Team GB, Olympics and stats

The BBC and Wikipedia probably beat the official Rio website in terms of the data offering and presentation but it was also a feast for others interested in providing numbers, including the media, or browsing them. Here are some links, plus my summary table of the sequence of medal awards – this was valuable in tracking the rate of GB medals so as not to be blown off course by media during the event that (predictably) swung from gloom to over-hyped optimism. 

The BBC did a very nice round up of the medals and funding that got the team to the new heights and would satisfy most user needs. There were more “great” BBC stats (according to the BBC!) that showed off a handful of different datavis options and gave some new angles. It was reassuring to see that Team GB had fewer fourth places than gold, silver or bronze medals! It didn’t feel like that on some days.

That said, it was probably Wikipedia that won gold for detailing all the performances and providing the best, fullest figures. (Here’s the link to the GB page but it shows a similar page for all nations.) The official Rio 2016 site trailed in third.

The Team GB #EverythingCounts pages were a bit less heavy weight. At least they had the patriotic idea (as did many apps) of putting GB top of the table even though were weren’t! Hats off.

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The UK Sport funding figures for the four year Rio cycle were heavily quoted as were the historic numbers. The chart below was on the BBC pages. (And it might have been better presented as a bar chart and more clearly annotated.)

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There were some other off beat data produced. My favourite was the slightly desperate “medals per population” figures produced by the “independent” Statistics NZ. Most of us felt that they came 19th in the medal table but in fact NZ came third – or fifth if just gold is counted!

I suppose if Britain were just a small island off a larger continent (er?) our very own Office for National Statistics would have produced something similar. I had written that it seemed as if the ONS had avoided the temptation to do so (mind you the search function on the website does not really work well).  Yet, as I am about hit “publish”, an email drops into my inbox giving an ONS take on the GDP to medals ratio. (I guess that the beta visual.ons.gov.uk site is not part of the search function.) It says the UK was the fifth largest economy (in 2015) and came second in the medal table.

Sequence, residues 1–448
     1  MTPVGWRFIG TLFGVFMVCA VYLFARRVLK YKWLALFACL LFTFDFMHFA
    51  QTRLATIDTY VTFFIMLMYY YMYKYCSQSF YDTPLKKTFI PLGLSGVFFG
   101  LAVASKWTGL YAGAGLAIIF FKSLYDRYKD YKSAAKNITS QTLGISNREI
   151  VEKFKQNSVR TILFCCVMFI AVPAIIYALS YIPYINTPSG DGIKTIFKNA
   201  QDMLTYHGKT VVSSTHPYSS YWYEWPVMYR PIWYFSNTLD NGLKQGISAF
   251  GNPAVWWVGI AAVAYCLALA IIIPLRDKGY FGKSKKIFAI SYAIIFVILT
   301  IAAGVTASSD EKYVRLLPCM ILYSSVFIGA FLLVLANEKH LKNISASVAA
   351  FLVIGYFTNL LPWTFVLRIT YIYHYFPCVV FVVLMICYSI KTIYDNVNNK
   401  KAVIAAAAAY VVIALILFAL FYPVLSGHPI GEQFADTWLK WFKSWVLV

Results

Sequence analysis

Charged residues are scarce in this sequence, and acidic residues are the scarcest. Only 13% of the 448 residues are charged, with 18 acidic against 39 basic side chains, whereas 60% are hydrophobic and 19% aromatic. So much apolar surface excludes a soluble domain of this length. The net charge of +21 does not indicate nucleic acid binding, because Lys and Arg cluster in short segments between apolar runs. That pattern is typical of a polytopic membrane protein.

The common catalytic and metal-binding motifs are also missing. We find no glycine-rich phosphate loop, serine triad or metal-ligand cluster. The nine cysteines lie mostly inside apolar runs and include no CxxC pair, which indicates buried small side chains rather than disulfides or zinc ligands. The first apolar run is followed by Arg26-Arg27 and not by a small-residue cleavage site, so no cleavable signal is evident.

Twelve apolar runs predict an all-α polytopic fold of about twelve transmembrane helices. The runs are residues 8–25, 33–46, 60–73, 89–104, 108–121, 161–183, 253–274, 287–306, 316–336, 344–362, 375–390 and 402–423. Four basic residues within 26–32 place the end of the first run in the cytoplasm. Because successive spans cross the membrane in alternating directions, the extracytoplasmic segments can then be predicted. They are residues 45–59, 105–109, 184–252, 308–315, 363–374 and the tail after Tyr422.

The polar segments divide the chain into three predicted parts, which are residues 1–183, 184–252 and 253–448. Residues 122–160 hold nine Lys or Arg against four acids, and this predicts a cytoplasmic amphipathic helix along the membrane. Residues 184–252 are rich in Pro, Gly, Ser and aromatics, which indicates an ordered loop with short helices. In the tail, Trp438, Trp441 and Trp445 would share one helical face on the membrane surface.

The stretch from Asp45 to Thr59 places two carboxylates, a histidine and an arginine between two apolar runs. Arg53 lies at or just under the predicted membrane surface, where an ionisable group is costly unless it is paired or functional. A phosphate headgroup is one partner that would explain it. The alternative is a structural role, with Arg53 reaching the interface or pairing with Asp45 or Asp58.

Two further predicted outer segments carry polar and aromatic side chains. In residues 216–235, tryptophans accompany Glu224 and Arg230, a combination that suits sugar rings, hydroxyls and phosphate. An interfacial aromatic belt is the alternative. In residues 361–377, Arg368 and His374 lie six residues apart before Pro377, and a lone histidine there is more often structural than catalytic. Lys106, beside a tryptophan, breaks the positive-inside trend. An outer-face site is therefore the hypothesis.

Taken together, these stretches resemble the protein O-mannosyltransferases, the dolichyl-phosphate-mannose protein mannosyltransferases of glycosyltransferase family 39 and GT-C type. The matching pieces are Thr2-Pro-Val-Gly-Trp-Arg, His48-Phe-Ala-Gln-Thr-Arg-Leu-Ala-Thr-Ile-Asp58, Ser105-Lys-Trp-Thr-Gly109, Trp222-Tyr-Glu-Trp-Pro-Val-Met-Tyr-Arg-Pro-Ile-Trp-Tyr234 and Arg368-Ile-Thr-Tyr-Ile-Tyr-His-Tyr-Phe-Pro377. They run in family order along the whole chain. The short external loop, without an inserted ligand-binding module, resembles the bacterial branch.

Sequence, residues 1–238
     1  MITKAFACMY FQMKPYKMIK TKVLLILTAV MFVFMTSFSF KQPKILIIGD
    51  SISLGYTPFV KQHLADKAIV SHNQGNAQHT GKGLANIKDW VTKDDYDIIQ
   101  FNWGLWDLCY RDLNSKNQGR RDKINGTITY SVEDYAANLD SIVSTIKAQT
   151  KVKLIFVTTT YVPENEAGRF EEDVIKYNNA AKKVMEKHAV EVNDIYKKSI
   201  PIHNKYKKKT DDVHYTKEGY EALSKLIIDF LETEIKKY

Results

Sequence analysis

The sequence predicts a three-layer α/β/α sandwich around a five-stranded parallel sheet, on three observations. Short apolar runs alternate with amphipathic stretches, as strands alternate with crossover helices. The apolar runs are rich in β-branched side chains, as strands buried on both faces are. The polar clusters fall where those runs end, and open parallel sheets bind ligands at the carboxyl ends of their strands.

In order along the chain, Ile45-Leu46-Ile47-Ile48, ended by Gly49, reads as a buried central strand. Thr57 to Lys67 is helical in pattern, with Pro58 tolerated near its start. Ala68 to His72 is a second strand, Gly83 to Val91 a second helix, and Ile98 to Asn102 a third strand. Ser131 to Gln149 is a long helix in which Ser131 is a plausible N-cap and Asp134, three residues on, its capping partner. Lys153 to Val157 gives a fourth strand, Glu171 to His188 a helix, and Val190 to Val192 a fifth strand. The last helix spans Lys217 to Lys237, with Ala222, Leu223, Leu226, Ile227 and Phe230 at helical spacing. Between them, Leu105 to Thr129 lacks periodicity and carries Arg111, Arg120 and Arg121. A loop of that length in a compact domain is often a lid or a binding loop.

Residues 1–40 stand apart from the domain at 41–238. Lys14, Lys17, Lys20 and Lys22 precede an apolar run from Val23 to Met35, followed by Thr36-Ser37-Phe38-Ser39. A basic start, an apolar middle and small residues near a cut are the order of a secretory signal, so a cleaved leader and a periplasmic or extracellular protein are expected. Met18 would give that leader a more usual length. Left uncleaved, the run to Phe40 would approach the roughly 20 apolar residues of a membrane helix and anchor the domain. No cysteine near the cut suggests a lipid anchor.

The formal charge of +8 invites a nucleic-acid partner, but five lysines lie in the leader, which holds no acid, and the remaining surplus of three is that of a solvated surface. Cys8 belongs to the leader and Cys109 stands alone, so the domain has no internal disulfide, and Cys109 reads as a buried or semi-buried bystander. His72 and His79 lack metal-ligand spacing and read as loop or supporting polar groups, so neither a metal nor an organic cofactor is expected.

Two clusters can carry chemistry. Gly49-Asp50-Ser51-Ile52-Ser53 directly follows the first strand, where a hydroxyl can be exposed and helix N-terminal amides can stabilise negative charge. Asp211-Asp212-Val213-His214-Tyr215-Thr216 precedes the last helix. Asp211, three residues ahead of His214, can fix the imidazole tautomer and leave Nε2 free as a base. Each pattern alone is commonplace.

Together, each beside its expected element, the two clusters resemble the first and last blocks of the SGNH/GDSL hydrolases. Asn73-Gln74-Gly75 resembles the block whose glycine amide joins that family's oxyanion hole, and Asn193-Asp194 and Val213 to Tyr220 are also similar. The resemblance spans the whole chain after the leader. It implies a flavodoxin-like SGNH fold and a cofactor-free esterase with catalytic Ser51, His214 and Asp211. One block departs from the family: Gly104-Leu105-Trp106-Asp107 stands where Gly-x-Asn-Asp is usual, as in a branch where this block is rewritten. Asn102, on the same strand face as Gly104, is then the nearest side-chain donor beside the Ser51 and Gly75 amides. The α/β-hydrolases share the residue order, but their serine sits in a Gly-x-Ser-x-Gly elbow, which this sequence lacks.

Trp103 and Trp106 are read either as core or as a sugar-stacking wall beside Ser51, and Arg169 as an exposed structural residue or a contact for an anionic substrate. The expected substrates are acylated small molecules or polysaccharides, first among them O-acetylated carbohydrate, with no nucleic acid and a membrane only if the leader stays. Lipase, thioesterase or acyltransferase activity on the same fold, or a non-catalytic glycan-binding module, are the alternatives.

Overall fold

I was reminded, however, by stumbling across the ONS note about the impact of the 2012 games on the economy (as measured by the statistics) that “it is difficult to estimate the quantitative impact of the Games”. Indeed, but perhaps that’s what statisticians are for. The difficulty did not stop many others publishing such reports, including the government itself (claiming a £41bn windfall) and Lloyds/Oxford Economics.

There are various other data sources. One is Statista which is linked to Sports Reference, the site that aims to be “the easiest-to-use, fastest, most complete sources for sports statistics anywhere”. (Except it is only American sports!) The exception, its Olympics data, is certainly good – a solid database but not yet fully up to speed with the 2016 games.

For Olympics followers, the site had an interesting announcement: “SR/olympics will be going away shortly after the Rio Olympics. The reason for that is within the last few months we have had some good news as we have completed negotiations with the International Olympic Committee (IOC) to have them use www.olympedia.org (currently a user only site) as the IOC Olympic Statistical Database. Soon after Rio ends, we will start transferring our data to the IOC IT people who will start to input it into a site that will be made public and accessible to the media and all other persons desiring use of our data …….. but sometime in 2017 you should be able to see Olympedia as a public site managed by the IOC”. That could be good, not least as the IOC pages do not yet seem to have any 2016 data uploaded!

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The last two weeks has seen some good media work. I quite liked The Telegraph‘s showing various measures of medals by GDP etc

There are also any number of sites offering products for sale, including $325 for this dossier and who knows what for “feeds and hosted solutions“.

Finally, here is an excel sheet with daily Team GB olympics medals.

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